In a changing world, the face of conservation is also changing. Unlimited spaces for wildlife to roam freely are disappearing, and the importance of fenced reserves where nature can be protected is increasing.
Unfortunately, many reserves are too small for natural ecological processes to play out, and interventions by managers are needed to replicate the balance that vast unfenced areas once provided.
This highlights the importance of larger reserves in the conservation landscape. !Khamab was established first and foremost as a conservation area, where its relatively large size can make a meaningful contribution to the conservation of the Eastern Kalahari.
With the conservation of the Eastern Kalahari landscape, its inhabitants and the ecological processes that drive the system as the only objective, the vision, mission, and key objectives of !Khamab Kalahari Reserve were developed.
!Khamab Vision, Mission and Objectives
The vision for !Khamab is to create a game reserve that:
• Comprises unspoilt landscapes and habitats that visually typify the Kalahari Bushveld.
• Sustains the full spectrum of African wild herbivores and carnivores that naturally occurred in such landscapes/habitats in the past.
• Enables the ecological processes of the system to function with as little management intervention as possible.
In realising this vision, !Khamab’s mission is to establish a conservation icon that is held in high esteem both nationally and internationally for its positive contribution to wildlife conservation and the community at large.
!Khamab’s mission will be accomplished through the achievement of the following key objectives:
• Re-establish and sustain viable populations of the full spectrum of wild herbivore and predator species that occurred naturally in the Kalahari Bushveld in the past by undertaking a scientifically based reintroduction program and thereafter applying sound conservation practices
• Attain a high level of success in the conservation of endangered species such as black rhino, cheetah, wild dog, and birds of prey by conducting comprehensive research programs and state of the art conservation management
• Eliminate those plant and animal species that are deemed to be alien to this bioregion or for other reasons ethically unacceptable including domestic livestock
• Rehabilitate the Kalahari Bushveld landscape to resemble its former natural state by removing all signs of the visually unappealing structures of past farming and other land use and land development practices
• Restore/simulate the natural ecological processes (e.g., fire frequency, surface water distribution, migration, herbivory, and predation) and vegetation pattern/composition of the Kalahari Bushveld that have been disrupted/depleted/distorted by past farming practices.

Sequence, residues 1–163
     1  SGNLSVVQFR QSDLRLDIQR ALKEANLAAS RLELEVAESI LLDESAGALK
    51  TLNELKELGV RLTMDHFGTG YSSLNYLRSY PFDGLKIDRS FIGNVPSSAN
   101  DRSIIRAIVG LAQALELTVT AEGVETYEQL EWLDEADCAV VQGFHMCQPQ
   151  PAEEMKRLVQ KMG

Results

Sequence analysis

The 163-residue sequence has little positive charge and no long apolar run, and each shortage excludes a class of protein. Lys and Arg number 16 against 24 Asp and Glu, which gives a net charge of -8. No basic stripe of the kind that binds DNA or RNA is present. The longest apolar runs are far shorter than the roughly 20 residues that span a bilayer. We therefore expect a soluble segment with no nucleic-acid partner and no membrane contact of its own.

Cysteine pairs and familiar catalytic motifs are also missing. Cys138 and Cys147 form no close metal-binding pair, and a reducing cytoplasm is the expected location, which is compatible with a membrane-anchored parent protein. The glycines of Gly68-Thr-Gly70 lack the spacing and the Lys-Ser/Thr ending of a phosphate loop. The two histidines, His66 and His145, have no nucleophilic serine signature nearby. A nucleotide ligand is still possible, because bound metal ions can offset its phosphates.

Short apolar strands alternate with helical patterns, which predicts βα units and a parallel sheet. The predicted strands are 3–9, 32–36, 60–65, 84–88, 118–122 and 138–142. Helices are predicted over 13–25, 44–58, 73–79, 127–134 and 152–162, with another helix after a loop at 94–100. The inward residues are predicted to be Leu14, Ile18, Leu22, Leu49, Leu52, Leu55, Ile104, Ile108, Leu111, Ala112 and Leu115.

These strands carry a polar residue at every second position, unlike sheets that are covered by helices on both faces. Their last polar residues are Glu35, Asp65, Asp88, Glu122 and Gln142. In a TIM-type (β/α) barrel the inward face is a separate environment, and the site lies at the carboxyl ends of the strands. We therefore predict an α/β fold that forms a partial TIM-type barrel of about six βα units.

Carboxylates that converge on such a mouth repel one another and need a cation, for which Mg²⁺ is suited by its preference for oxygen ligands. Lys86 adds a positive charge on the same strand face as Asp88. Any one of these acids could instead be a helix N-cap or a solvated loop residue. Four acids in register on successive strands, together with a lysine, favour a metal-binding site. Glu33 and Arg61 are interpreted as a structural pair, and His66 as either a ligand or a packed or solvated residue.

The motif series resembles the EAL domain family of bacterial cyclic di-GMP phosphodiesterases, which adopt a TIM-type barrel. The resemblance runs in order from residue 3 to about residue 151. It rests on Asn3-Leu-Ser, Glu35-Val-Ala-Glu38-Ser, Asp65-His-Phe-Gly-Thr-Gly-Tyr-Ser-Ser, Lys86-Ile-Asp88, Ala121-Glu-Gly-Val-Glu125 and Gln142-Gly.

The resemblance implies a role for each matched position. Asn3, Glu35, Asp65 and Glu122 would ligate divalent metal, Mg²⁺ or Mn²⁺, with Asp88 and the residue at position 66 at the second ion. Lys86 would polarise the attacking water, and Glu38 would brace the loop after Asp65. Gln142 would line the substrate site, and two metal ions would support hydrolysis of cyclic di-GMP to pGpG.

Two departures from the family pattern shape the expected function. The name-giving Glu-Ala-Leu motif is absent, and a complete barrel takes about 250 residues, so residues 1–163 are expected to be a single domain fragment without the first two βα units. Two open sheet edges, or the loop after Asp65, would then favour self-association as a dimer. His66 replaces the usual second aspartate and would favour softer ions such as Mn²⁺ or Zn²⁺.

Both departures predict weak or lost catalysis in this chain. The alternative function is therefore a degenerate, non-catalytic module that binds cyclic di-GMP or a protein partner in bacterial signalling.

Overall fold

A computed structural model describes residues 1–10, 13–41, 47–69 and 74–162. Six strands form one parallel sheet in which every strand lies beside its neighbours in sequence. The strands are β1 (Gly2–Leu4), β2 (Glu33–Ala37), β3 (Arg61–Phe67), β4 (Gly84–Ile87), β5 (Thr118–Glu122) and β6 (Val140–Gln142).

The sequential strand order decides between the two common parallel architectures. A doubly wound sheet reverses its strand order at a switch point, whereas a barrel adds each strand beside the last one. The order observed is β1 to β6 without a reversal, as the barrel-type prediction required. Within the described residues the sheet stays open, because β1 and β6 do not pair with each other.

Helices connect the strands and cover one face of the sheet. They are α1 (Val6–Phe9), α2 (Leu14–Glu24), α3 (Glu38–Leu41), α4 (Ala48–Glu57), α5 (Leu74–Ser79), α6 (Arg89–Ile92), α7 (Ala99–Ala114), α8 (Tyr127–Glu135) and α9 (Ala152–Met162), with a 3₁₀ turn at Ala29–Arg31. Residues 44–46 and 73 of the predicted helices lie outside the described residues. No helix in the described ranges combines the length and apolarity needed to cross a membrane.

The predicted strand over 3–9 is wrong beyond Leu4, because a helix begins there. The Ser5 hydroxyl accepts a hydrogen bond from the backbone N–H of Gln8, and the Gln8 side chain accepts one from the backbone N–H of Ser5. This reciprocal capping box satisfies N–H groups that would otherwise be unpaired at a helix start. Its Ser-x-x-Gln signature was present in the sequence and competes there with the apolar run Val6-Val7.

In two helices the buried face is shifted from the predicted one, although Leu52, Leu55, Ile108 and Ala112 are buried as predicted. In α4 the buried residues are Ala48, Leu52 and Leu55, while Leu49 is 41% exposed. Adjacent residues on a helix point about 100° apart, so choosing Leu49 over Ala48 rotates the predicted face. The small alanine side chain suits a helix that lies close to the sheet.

As captured in the vision of the reserve, !Khamab wants to make a positive contribution to the conservation of wildlife and ecological processes, and hence the commitment to contribute to conservation at all levels. This includes the conservation of endangered species like wild dog (Lycaon pictus), cheetah (Acinonyx jubatus) and black rhino (Diceros bicornis), and threatened or protected species like lion (Panthera leo) and elephant (Loxodonta africana), who are all historical inhabitants of the Kalahari.
In this regard !Khamab participate and partners with the following conservation groups:
One of the biggest threats to ecological conservation across the world is the increased threat of wildlife crime, which includes the trafficking of wildlife and animal parts and products. The high black-market value of many wildlife parts has resulted in the involvement of crime syndicates, not unlike the illegal drugs and arms trade. The scourge of poaching, especially for rhino horns, is threatening the population of many game reserves across South Africa.
The impact of rhino poaching stretches further than just the direct loss of the life of the rhino that was killed. It also threatens the conservation of other species as reserves are forced to divert funding that would otherwise have been used for ecological management and species conservation, to establish and maintain effective anti-poaching operations.
!Khamab is not immune from this. It faces the same risks as any other game reserve in South Africa. An effective anti-poaching operation has become a necessity, despite the massive pressure it adds to the budget of most reserves.
!Khamab continually tries to improve the effectiveness of its anti-poaching efforts by increasing the size of the anti-poaching team and improving their equipment. We also use technology to help detect intruders on the reserve. Unfortunately, this is costly and we are grateful for the assistance we receive from the various sources who contribute towards the wildlife security efforts of the reserve.
Part of our mission is to make a positive contribution to wildlife conservation and the community at large. One way of achieving this is to contribute to the enhancement of scientific knowledge of wildlife management and ecological systems, with a focus on the Kalahari ecosystem and how it fits into the larger ecological landscape.
Research on !Khamab is also specifically orientated to increase our knowledge and provide a basis for informed management and conservation decisions on the reserve. !Khamab is committed to increasing the ecological research output on the reserve. We encourage sensible, planned research projects, especially those that will contribute to our knowledge of the Kalahari and its fauna and flora. The research should also provide scientifically based management support to changes happening on a global scale.
The following research projects provide insight into some aspects of the Kalahari and how selected animal species fit into the Kalahari system when compared to more mesic environments.